While the pandemic and digital transformation have, together, driven many positive changes in the fintech and insurtech industries, small businesses, in general, have suffered catastrophically. Unable to cope with the costly demands placed on them by lockdowns and enforced closures, many of them took loans to survive.
Now, as inflation rises on a worldwide scale, they are struggling against a rising tide again. Banks and financial institutions can offer a lifeline, in terms of new products and services, that can ease the challenges of running a small business in challenging times. But what exactly is on offer?
Large enterprise vs small business banking
A significant difference between small business and large enterprise banking is that small business owners don’t have CFOs or finance directors to manage most of the financial aspects of running a business and, instead, often act upon gut feeling, according to Rob Straathof, the CEO of Liberis.
“Entrepreneurs are great at day-to-day execution, operating their business, and setting the strategy of a business, but when it comes to the management of finances, they often need help from their financial advisor or bank.
“Usually, the help they need is around managing working capital, getting their invoices paid on time, and making sure they have enough liquidity to pay staff and suppliers versus their incoming revenue. Of course, if they need loans, there are a plethora of solutions available to them, but the problem is that they don’t have a good enough understanding of what the right products are and whether they’re available to them when they need them.”
Roger Vincent, managing director UK and Ireland, Trade Ledger, also points out that small businesses have more in common with consumers than large enterprises and therefore have an expectation of tailored services from their banks.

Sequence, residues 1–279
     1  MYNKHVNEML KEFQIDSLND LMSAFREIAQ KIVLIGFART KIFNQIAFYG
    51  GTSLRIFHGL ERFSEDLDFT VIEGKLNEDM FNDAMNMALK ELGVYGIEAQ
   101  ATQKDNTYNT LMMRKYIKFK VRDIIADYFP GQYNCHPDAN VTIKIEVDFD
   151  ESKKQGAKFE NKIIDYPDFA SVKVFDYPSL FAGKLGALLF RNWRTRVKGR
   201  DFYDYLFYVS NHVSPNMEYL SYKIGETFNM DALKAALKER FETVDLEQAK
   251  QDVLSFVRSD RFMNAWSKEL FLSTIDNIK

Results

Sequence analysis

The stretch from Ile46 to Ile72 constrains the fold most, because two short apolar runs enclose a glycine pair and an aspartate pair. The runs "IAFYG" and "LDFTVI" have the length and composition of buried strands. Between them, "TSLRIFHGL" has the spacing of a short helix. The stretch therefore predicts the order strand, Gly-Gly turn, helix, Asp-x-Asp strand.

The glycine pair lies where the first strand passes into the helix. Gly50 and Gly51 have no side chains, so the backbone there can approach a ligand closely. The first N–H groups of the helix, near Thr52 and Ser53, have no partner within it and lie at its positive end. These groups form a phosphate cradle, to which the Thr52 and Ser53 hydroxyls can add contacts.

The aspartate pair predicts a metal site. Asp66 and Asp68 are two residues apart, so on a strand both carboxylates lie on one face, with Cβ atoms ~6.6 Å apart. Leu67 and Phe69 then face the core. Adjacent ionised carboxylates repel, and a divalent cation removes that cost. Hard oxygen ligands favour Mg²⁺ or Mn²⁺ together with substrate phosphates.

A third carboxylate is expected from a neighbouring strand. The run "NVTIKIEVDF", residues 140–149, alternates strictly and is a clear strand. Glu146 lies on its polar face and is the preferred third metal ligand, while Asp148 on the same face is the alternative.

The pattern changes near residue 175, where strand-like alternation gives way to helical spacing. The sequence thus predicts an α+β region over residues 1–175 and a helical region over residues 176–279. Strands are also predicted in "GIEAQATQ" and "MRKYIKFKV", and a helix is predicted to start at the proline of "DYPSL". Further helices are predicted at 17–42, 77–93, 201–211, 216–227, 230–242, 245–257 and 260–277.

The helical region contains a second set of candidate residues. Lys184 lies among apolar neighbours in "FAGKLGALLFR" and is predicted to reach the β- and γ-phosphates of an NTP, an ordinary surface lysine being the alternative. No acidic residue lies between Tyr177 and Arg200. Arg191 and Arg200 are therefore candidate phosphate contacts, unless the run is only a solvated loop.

He says: “They may even manage their business finances alongside their personal finances, so they expect the same level of digital capabilities that they experience in their personal lives. Fintechs often understand this better than incumbent banks – and, more importantly, they have the technology and agility to innovate rapidly. This means they can very quickly create new products and solutions that serve the needs of small businesses.”
Products and services for small businesses
Small businesses also have different needs when it comes to support services, and therefore, banks that provide products to large-scale businesses won’t necessarily be a good fit. Rather, fintechs are generally more suited to helping small businesses because they offer innovative products such as cash flow forecasting, says Straathof, noting that Tide, Xero, and Nuula provide cash flow forecasting and instant access to critical business metrics.
“They can bridge the gap to plug into lenders with your existing data dashboards and bank accounts through third-party Open Banking providers like Plaid and TrueLayer. They can provide forecasts of cash flow needs, so you know whether you are short of funds, what invoices are still outstanding, and, if needed, help with collections. Kolleno is another excellent example of a fintech that helps small businesses drive short-term working capital cycles.”
How to choose the right bank for an SME
Ultimately, small business owners need to shop around for the right banking services and make sure they choose a fintech that best suits their needs. Straathof says the standard functionality needs to be there, but there are a whole host of questions a business needs to ask itself. These are:
- Does the bank integrate with Open Banking?
- Does it integrate with your accounting packages?
- Does it have automated cash flow forecasting?
- Do they have adequate SME lending products?